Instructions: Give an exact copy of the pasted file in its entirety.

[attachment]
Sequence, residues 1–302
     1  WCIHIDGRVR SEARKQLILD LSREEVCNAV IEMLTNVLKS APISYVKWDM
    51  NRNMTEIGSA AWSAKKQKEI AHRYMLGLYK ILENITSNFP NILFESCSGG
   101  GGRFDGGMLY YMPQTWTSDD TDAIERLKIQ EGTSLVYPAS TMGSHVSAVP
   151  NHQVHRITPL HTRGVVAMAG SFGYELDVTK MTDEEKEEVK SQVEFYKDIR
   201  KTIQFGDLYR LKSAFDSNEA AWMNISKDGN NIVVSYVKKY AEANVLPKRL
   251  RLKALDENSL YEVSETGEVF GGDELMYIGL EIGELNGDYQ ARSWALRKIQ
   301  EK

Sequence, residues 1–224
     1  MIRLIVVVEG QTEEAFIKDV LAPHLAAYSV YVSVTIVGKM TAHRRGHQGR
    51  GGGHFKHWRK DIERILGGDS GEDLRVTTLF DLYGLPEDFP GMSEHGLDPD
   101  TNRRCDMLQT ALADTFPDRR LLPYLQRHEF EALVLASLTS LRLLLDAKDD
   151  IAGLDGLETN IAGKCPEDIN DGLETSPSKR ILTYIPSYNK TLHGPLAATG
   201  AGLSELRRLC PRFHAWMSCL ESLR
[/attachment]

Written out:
Sequence, residues 1–302
     1  WCIHIDGRVR SEARKQLILD LSREEVCNAV IEMLTNVLKS APISYVKWDM
    51  NRNMTEIGSA AWSAKKQKEI AHRYMLGLYK ILENITSNFP NILFESCSGG
   101  GGRFDGGMLY YMPQTWTSDD TDAIERLKIQ EGTSLVYPAS TMGSHVSAVP
   151  NHQVHRITPL HTRGVVAMAG SFGYELDVTK MTDEEKEEVK SQVEFYKDIR
   201  KTIQFGDLYR LKSAFDSNEA AWMNISKDGN NIVVSYVKKY AEANVLPKRL
   251  RLKALDENSL YEVSETGEVF GGDELMYIGL EIGELNGDYQ ARSWALRKIQ
   301  EK

Sequence, residues 1–224
     1  MIRLIVVVEG QTEEAFIKDV LAPHLAAYSV YVSVTIVGKM TAHRRGHQGR
    51  GGGHFKHWRK DIERILGGDS GEDLRVTTLF DLYGLPEDFP GMSEHGLDPD
   101  TNRRCDMLQT ALADTFPDRR LLPYLQRHEF EALVLASLTS LRLLLDAKDD
   151  IAGLDGLETN IAGKCPEDIN DGLETSPSKR ILTYIPSYNK TLHGPLAATG
   201  AGLSELRRLC PRFHAWMSCL ESLR